11 Summer Products That Can Hurt Your Pet

By: Chewy EditorialPublished:

11 Summer Products That Can Hurt Your Pet

Summer is almost here, which means it’s about time to break out the sunscreen, fire up the barbecue and get the backyard ready for warm-weather gatherings.

However, some of the products we typically associate with summer could spell big problems for pets. Here are 11 items to keep away from your cat or dog this season:

1. Pool Chemicals

“Chlorine is highly toxic, especially in the concentrated tablets or crystals used in pools,” says Dr. Judy Morgan, a holistic veterinarian and author. “The strong vapors released when the container is opened can also cause respiratory distress.”

Algaecides, which are also used to treat pools, are highly corrosive and can cause ulcers and intestinal damage in pets. Some of these products can have a sweet taste, Morgan says, so be sure to clean up any spills around your deck, yard or garage and call your vet immediately if your pet ingests any of these chemicals.

2. Lawn Care Products

Many of today’s weed killers were actually developed during World War II as chemical weapons, says Gena Lorainne, a horticulturist and plant expert at Fantastic Gardeners. You’ll want to keep pets far from these products, as well as recently treated lawns.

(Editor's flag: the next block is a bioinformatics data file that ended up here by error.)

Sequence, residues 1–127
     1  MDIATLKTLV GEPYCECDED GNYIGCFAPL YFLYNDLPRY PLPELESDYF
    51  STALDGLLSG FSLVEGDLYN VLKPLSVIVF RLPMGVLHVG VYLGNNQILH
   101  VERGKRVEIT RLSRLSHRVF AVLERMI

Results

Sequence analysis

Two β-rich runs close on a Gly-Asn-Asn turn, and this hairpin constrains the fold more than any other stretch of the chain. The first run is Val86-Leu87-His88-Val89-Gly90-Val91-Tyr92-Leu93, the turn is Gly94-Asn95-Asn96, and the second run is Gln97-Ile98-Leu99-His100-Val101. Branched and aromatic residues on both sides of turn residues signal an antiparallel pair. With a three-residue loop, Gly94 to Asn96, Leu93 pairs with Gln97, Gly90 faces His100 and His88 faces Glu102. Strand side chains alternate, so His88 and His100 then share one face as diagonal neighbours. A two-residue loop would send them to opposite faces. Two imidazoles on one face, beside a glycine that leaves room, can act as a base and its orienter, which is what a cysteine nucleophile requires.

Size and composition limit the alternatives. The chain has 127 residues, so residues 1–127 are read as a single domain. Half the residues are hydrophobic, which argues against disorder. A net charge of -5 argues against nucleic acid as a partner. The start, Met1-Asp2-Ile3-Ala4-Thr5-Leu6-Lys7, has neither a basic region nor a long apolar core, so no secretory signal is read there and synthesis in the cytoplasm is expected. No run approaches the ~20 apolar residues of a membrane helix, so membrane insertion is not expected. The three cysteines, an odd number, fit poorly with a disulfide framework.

“Dogs exposed to herbicide-treated lawns are reported to have a significantly higher risk of bladder cancer,” she says.

Ingredients like disulfoton, which sometimes appears in rose pesticides, are potentially lethal to dogs, she says. What’s worse, they find it extremely tasty. Glyphosate, another ingredient used in many weed killers, is also potentially toxic to pets.

“If ingested in small doses it may not cause harm, but this is not always the case with pets as they like to roll on the grass and it can build up in their fur,” she says.

Morgan recommends using corn gluten as a safer alternative. “It works to kill weeds and is not considered toxic for dogs and cats.”

3. Pesticides

Ingredients in common pest-control products are highly toxic to pets. Slug and snail bait contain metaldehyde, which can cause neurologic toxicity and seizures if ingested by pets, says Morgan. Organophosphates, another common ingredient in lawn and garden pesticide products, can also cause seizures.

If your pet ingests anything out of the ordinary, contact your veterinarian immediately, says Dr. Rachel Barrack of New York City’s Animal Acupuncture.

4. Sunscreen

“Sunscreen contains zinc oxide and can be particularly damaging to a dog’s intestines if ingested,” says Barrack. Call your vet straight away if your pet has consumed sunscreen and has bloody diarrhea or bloody vomit, as this could be a sign of intestinal damage.

Para-aminobenzoic acid (PABA) is another sunscreen ingredient that can be toxic to dogs, Morgan says. If your pet needs sun protection, look for products that are specifically designed for use on animals, she adds.

5. Barbecues and Grills

Breaking out the barbecue is a summer rite of passage for many, but you need to stay alert when grilling with your dog. Freestanding grills can easily be knocked over by a curious pet, Morgan says.